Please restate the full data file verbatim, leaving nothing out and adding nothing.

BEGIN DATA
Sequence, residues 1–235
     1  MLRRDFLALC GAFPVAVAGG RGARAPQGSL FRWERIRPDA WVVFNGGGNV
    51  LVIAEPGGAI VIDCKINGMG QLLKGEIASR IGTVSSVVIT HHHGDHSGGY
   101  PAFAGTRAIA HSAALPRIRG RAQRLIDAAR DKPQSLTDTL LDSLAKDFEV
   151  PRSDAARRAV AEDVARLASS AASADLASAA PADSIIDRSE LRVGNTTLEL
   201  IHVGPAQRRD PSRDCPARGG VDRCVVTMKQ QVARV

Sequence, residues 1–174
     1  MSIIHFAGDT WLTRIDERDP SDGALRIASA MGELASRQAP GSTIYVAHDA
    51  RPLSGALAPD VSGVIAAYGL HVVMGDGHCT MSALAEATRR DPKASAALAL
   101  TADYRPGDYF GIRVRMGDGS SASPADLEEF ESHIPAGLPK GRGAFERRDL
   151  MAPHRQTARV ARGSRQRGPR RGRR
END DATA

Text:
Sequence, residues 1–235
     1  MLRRDFLALC GAFPVAVAGG RGARAPQGSL FRWERIRPDA WVVFNGGGNV
    51  LVIAEPGGAI VIDCKINGMG QLLKGEIASR IGTVSSVVIT HHHGDHSGGY
   101  PAFAGTRAIA HSAALPRIRG RAQRLIDAAR DKPQSLTDTL LDSLAKDFEV
   151  PRSDAARRAV AEDVARLASS AASADLASAA PADSIIDRSE LRVGNTTLEL
   201  IHVGPAQRRD PSRDCPARGG VDRCVVTMKQ QVARV

Sequence, residues 1–174
     1  MSIIHFAGDT WLTRIDERDP SDGALRIASA MGELASRQAP GSTIYVAHDA
    51  RPLSGALAPD VSGVIAAYGL HVVMGDGHCT MSALAEATRR DPKASAALAL
   101  TADYRPGDYF GIRVRMGDGS SASPADLEEF ESHIPAGLPK GRGAFERRDL
   151  MAPHRQTARV ARGSRQRGPR RGRR